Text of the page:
A stunning example of the efficacy of Ampion is this amazing short video clip of Norm Johnson showing his miraculous recovery from extreme knee pain where he found it very difficult just to walk and almost impossible to go up and down stairs. Norm was in so much pain that he was resigned and ready to schedule knee replacement surgery ... until he joined a clinical trial and received a single injection of a new wonder drug called "Ampion" into each knee. Within one hour after receiving the injection, his pain was completely gone and he was able to walk pain free. Six months later and he remains pain free and you can even see him climbing up and down a steep ladder. Mr. Johnson cancelled his plans for knee replacement surgery.
Ampio has fewer than 31 million shares outstanding that are trading close to their lows for the year. Regardless of their low share price, just pennies below $3, Ampio finds itself having more than a tiger by the tail ... they have a handful of tigers by the tails. Ampio is indeed the most exciting buyout or licensing opportunity that is just waiting to be discovered!
Another example is a very small and unknown company called Catalyst Pharmaceuticals (CPRX). Alcohol and drug abuse is rampant in our society and there have been no effective treatment or treatment programs. Catalyst Pharmaceuticals is developing 2 drugs that are so promising for cocaine addiction and perhaps even for widespread alcohol addiction that the National Institute for Drug Addiction is supporting their current clinical trial. If results are in line with expectations, the value of their drugs CPP 109 and CPP 115 will skyrocket because the need is so great and the market is so large. CPRX is at its all-time low of only $.56/share and will probably not remain here for long.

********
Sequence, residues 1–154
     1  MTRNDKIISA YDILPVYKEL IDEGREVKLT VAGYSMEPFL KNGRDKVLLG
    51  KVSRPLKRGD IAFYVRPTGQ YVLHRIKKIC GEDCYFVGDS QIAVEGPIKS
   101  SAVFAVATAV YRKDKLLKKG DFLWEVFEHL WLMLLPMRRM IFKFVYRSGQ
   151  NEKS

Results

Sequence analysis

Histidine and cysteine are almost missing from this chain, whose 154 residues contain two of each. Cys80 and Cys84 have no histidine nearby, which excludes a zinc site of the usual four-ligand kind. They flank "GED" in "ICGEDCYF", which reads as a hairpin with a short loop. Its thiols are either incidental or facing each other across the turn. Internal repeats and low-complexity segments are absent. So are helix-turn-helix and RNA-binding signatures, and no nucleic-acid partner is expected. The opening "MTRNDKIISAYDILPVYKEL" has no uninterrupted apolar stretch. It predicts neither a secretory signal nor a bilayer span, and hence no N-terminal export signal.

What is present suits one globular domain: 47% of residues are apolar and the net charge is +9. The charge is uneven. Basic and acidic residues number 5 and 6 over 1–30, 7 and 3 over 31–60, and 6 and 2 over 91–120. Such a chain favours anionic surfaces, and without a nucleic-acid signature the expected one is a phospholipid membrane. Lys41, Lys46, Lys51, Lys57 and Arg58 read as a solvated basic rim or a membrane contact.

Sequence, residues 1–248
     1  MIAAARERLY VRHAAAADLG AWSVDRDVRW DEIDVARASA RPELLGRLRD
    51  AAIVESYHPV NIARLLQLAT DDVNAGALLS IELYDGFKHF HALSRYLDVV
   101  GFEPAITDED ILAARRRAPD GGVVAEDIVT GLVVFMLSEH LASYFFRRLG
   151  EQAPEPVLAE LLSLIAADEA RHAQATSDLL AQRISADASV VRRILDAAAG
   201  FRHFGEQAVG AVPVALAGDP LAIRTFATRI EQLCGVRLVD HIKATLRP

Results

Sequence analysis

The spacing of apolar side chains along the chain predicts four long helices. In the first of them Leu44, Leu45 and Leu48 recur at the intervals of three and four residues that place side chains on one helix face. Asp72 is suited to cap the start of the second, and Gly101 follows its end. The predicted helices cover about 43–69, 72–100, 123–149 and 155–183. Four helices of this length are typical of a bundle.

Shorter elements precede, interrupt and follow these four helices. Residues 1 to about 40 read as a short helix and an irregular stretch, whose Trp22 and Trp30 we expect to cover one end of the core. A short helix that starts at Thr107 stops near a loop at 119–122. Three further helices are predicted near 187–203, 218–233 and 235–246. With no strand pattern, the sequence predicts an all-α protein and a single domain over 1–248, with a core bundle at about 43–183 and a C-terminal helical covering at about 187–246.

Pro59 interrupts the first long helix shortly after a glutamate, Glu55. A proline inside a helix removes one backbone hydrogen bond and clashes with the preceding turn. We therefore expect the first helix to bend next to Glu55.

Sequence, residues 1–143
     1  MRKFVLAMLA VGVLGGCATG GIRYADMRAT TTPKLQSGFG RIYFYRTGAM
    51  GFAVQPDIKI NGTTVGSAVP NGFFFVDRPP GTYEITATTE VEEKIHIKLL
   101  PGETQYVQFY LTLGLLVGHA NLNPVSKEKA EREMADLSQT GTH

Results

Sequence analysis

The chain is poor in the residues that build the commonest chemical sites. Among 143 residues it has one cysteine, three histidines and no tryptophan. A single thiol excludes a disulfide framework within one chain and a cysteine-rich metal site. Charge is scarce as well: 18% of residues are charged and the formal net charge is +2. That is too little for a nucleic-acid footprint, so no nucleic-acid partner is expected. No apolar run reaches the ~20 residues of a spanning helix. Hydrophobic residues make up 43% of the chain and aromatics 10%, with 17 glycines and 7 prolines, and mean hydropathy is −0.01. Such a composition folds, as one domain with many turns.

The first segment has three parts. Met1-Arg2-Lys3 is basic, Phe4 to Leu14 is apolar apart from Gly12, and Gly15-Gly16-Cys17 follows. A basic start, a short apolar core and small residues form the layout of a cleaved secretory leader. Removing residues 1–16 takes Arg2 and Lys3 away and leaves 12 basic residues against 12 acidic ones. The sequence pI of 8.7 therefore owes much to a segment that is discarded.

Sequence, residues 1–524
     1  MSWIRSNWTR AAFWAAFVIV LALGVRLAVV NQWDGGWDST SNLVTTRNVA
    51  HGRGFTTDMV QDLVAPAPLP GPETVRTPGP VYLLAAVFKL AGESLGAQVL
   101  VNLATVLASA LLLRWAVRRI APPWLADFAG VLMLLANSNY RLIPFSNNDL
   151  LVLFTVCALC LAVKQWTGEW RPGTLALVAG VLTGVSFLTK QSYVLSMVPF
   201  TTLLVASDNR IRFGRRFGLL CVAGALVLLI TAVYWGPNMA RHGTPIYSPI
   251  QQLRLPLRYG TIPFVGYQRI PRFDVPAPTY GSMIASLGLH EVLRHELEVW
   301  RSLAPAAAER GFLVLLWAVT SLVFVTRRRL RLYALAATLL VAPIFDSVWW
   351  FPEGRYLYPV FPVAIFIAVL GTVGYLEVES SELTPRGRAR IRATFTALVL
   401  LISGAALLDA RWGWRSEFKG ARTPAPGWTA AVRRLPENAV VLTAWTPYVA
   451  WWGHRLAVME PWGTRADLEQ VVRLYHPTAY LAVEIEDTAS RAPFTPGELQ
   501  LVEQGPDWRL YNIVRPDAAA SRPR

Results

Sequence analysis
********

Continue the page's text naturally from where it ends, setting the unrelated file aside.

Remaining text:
It would be very simple and inexpensive for Merck, or any of their competitors to investigate the validity of Ampio's high-powered portfolio and if confirmed, make an offer for their drugs or even for the entire company that would be incredibly cheap even if they wound up paying $50/60 a share for the whole package, that would still be less than half the cost to develop just one drug let alone 3. That could be far more cost effective than the current low-risk model used by Merck. Actually, it could be an incredible steal. A milestone-based agreement would cover most risk and Merck's shareholders might get the deal of the century. The same may be true for Catalyst Pharmaceuticals. All it requires is a serious look with an open mind.
If Merck does not act, there is a large field of competitors with a huge appetite that will be more than happy to throw their hat in the ring at much higher prices as the approvals and licensing deals get closer and start falling into place. It will then be just like another FaceBook IPO pricing or just like another disappointing Remicade buyout ... or it could be a grand slam home run for Merck and its shareholders. All Merck, or its competitors, have to do is take a close look at this baby giant and others like CPRX and if it makes sense, lock them into a milestone agreement and buy them out before they get too big and too expensive. Ampio has never said they want to be acquired, but money definitely talks and a player like Merck or J&J (JNJ), or any of their competitors, can be quite persuasive if they see a fit.
Mitigating risk is clearly essential, but the pendulum has swung too far in the direction of overpaying for risk mitigation and this is hurting the bottom line so much now that it is clearly time to increase profits by taking just a little more risk and managing it with a well thought out plan. Not a lot of risk ... just a little, because it can dramatically increase returns when it is done properly.
It will not be surprising if there is a very loud response from management objecting to this article in an attempt to justify their actions, but remember, "actions speak much louder than words". It also will not be surprising if Merck or one of their competitors see the light and wind up saying ... "Thank you for sending us this valuable information".